The senior attack/middie and captain was a key force in the Rams capturing the PIAA 3A state girls lacrosse title last spring, scoring 74 goals, dishing out 31 assists, winning 43 draw controls and scooping up 54 ground balls. Dwyer was selected a USLacrosse Academic All American and was a second team All-Central League selection. She was projected to score her 100th career goal early this spring, and will play lacrosse for Cornell University next spring. A three-sport athlete during her Ram career, she played field hockey for four years at Harriton (and was captain for two of them) and competed in indoor track. Off the field, she is a member of the National Honor Society and Harriton’s Freshman Mentor Program. Harriton girls’ lacrosse head coach Becky Cartee-Haring said, “Even though Lucy was injured last fall, she came to our winter indoor games and was a verbal presence on the sideline and in huddles. She was dedicated to working herself back to playing as intensely as last season. She was always encouraging to all of the players and could motivate her teammates through both her voice and her actions. Her teammates know her passion and know that she is a competitor who wants to be successful and they worked hard, in part, because of her leadership. Achieving a state championship was an amazing experience for her last year and with her sister, Gracie, playing with her. She worked on her dodging and shooting game prior to last season and became a major scoring threat on the field. She has left her mark on Harriton lacrosse, and the team she leaves behind there will be carrying her in their hearts once they get back on the field.”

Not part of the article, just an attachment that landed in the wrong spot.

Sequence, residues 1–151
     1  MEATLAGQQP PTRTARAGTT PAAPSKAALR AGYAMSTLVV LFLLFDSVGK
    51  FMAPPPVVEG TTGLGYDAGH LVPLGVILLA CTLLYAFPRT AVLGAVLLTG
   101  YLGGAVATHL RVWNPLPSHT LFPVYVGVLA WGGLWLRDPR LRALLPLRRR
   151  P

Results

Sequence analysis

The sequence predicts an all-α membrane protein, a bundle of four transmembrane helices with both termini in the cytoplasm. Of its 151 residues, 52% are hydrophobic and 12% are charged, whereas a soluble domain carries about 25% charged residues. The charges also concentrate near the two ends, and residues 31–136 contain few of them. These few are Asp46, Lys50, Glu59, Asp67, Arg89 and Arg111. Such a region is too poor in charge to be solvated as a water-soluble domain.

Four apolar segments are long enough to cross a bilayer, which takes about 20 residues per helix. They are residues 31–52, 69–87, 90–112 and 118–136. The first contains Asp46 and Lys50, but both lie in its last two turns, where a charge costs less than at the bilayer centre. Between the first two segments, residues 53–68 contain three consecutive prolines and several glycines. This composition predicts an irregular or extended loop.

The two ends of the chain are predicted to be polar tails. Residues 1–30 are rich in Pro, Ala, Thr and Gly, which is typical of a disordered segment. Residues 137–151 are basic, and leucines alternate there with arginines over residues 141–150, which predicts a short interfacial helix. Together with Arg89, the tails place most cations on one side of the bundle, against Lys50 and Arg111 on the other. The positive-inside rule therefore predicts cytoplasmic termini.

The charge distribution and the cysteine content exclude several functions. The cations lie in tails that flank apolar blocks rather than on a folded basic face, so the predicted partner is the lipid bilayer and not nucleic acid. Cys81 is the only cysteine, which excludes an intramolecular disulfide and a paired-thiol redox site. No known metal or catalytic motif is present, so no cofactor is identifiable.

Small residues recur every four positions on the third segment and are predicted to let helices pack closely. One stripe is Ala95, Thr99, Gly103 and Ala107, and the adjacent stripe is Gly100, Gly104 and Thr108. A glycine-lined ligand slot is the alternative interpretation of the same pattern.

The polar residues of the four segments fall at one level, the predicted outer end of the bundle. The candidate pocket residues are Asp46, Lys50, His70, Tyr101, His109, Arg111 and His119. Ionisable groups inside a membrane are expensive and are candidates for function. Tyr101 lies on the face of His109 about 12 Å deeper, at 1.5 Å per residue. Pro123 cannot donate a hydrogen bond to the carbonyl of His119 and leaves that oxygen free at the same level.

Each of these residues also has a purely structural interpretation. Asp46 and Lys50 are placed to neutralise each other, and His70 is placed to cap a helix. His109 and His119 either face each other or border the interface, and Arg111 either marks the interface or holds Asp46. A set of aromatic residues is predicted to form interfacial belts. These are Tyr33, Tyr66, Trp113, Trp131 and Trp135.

Q: What is your sharpest memory of the PIAA 3A state championship game last spring?
A: One of the main memories from the game that stood out to me was our pregame huddle. I vividly remember our head coach last year, Coach D (George Dick), acknowledging our nerves and telling us that if we each played our role, we would have a great game. I looked at all of my teammates and thought that we were going to play a great game. We were all best friends and had so much trust in each other that we were all going to play for each other. This turned out to be true – we played well and we won a state championship.